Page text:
Dobson stood as the Labour leadership's preferred choice for London Mayor in 2000, but was left humiliated after Ken Livingstone successfully stood as an independent candidate. While I'm told by one of his associates that "he's incredibly bitter about Blair", Dobson refutes the idea that he was coerced into standing. "I'd have loved to have been mayor of London." He had another motivation, too: to escape both Blair and Brown. And what about Livingstone? "Well, he has some resemblances to Tony Blair, really – both of them think they're more important than the Labour party."
As Blair's first health secretary, Dobson is proud of the "massive improvements in healthcare and survival rates". But didn't NHS privatisation start under New Labour? "Oh certainly, yes! And that's the embarrassment in the chamber: because they shout back 'You started it.'" Dobson recalls returning from meetings with Blair and being sent a memorandum by civil servants claiming that the prime minister raised the further involvement of the private sector – "and it just wasn't true". But Dobson's big battle was for money for the cash-starved NHS as Labour stuck to Tory spending plans for its first two years in office. He wrote a memorandum to Blair saying: "If you want a first-class service, you have to pay a first-class fare – and we're not doing it." When money was finally ploughed into the NHS, Blair told him that Dobson's memorandum had kickstarted the whole process.
He believes Alan Milburn – his successor at the Department for Health – was "carried away with the idea that the private sector could make a big contribution".
New Labour's record on health still agitates him: "Some of the contracts were a disgrace. They guaranteed these private hospitals a flow of patients, which they never did to a NHS hospital." He says £260m was wasted on operations that were never carried out because the "bloody private hospitals" were paid regardless.
Dobson knew both David and Ed Miliband when they delivered leaflets for him as teenagers. He is clear about the reasons for his vote for Ed: "I thought David had become too much ... just Blairite." Though some assail the Labour leader for indecision, Dobson sees a virtue. "His greatest quality is he has a bloody good think before he does things." Why won't the public embrace him? "Well, it's partly his appearance, about which he can do nothing." He scoffs at the idea his brother would have done better. "No, no, I think we'd have flown apart. Well, not flown apart – but we'd have gone a bit 1979, 1980, 1981-ish, I think."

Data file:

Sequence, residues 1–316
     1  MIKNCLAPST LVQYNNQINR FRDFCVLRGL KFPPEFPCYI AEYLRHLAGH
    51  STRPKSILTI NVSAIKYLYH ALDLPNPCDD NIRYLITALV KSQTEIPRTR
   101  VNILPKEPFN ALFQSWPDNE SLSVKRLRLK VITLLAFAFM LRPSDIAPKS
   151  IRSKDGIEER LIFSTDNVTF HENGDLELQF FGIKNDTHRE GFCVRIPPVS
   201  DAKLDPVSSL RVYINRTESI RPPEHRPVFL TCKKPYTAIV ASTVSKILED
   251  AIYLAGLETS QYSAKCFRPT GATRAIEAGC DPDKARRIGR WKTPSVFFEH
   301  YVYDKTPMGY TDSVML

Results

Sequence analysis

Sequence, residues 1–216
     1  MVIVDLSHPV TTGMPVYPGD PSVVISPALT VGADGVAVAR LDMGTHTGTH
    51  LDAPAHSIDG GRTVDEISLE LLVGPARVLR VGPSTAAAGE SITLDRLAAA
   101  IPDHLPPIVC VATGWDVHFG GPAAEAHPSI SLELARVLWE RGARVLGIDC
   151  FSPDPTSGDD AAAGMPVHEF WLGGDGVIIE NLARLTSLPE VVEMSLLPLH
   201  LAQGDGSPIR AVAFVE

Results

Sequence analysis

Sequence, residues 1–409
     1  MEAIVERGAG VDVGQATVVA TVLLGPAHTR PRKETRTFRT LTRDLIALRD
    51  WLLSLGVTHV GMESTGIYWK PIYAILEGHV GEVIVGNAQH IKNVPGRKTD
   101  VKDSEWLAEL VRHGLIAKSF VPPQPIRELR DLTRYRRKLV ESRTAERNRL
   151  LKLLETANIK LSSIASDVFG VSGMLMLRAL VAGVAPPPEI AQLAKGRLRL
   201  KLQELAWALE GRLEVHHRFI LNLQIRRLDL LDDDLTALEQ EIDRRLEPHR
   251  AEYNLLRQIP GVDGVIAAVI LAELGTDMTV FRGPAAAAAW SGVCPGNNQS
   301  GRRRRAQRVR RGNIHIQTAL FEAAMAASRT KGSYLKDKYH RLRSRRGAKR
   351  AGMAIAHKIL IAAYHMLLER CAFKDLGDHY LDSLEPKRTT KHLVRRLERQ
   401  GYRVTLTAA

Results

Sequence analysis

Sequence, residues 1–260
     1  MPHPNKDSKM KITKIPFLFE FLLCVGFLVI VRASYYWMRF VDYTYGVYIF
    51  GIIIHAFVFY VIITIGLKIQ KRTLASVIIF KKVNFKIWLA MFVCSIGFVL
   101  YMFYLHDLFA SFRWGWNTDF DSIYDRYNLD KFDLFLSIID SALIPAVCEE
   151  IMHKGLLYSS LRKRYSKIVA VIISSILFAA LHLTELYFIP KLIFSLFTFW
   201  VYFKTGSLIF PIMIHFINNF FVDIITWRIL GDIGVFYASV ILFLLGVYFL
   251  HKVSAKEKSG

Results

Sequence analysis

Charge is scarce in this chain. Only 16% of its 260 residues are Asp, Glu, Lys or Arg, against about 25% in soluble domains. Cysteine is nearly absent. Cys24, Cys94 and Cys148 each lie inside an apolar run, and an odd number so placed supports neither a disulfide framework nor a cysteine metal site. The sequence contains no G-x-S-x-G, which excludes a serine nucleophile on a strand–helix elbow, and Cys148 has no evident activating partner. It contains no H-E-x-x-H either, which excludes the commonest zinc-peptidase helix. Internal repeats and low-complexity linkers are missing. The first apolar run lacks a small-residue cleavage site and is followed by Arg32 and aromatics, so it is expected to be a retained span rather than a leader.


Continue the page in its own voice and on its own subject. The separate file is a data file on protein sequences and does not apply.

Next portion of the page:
Though "very confident" Labour will win, Dobson has harsh words for Ed Miliband's inner circle. Are they useless, I ask him? "Yeah!" he says instantly, roaring with laughter. He composes himself, and searches for more diplomatic language. "Useless isn't the right word. They're ... not of sufficient quality and clarity." He is not impressed with much of the shadow cabinet, either. Calling for a clearer message, he says: "It would be considerably assisted if all the rest of the shadow ministers were knocking lumps off opposite numbers. You need to boil things down to a few simple, short, sharp concepts and say them time and time and time again. It's no good thinking you can convince the public with a lecture that you might deliver to some postgraduate thing at All Souls."
Tessa Jowell first met Frank Dobson as a fellow Camden councillor in 1971, and ended up as a junior minister under him when he was appointed as Secretary of State for Health in 1997. "The team was me, Alan Milburn, Margaret Jay, [Paul] Boateng, and we were all New Lab," she recalls. "Frank was never comfortably New Labour, but we all absolutely adored him." She remembers him wandering around the office with his shoes off, his big toe often poking through a hole in a sock. "I love him – he's a person of incredible generosity and loyalty."
Everyone I ask tells me about Dobson's sense of humour. I remind him that he once remarked: "The good thing about global warming is that Hazel Blears will be the first to go when the water rises." He says it's an effective political weapon. "If you can crack a good joke at their expense, people remember it." After the privatisation of Rover in 1988, Dobson reduced the Commons to laughter when he quipped: "The price charged for Rover was so low that there is some suspicion that Lord Young thought it was a dog."
"The greatest compliment Dennis Skinner ever paid me is: 'Anybody can make them laugh – Frank's one of the few that can me them cry,'" he says. "That's because I'm sentimental, you see. Most people aren't."